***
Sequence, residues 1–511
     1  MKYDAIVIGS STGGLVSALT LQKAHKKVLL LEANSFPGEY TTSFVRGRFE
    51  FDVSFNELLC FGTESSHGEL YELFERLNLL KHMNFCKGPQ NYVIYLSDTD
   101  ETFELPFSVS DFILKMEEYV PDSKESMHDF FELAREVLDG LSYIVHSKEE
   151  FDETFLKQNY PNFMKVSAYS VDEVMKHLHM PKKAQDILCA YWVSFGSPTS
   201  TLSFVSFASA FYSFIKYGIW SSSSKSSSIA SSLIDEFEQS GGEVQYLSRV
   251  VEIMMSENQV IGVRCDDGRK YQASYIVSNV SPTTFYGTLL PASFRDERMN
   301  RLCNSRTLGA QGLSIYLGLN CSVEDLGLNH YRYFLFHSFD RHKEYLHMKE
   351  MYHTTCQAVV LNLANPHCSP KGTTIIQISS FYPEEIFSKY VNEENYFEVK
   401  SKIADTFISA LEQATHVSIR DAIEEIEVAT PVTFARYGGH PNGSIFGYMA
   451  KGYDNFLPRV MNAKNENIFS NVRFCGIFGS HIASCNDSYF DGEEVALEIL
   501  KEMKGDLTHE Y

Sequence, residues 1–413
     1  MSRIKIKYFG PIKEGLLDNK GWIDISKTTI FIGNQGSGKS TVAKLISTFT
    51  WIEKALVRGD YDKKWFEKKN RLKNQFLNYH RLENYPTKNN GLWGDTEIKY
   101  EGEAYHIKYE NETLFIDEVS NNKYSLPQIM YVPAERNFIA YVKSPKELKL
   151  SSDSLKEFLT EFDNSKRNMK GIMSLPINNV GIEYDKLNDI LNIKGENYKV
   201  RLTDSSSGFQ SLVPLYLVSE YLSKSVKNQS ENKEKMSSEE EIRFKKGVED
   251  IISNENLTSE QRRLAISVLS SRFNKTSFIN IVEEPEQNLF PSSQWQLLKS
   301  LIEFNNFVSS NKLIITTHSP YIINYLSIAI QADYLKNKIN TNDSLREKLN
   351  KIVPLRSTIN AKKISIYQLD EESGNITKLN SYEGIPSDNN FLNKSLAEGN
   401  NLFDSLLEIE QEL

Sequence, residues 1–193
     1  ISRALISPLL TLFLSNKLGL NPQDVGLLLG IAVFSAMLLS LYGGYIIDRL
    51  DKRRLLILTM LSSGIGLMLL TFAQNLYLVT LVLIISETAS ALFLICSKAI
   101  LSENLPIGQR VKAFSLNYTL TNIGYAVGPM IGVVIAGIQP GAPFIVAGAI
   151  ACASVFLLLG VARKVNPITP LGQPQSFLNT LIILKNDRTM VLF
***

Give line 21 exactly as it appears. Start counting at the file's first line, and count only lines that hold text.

   351  KIVPLRSTIN AKKISIYQLD EESGNITKLN SYEGIPSDNN FLNKSLAEGN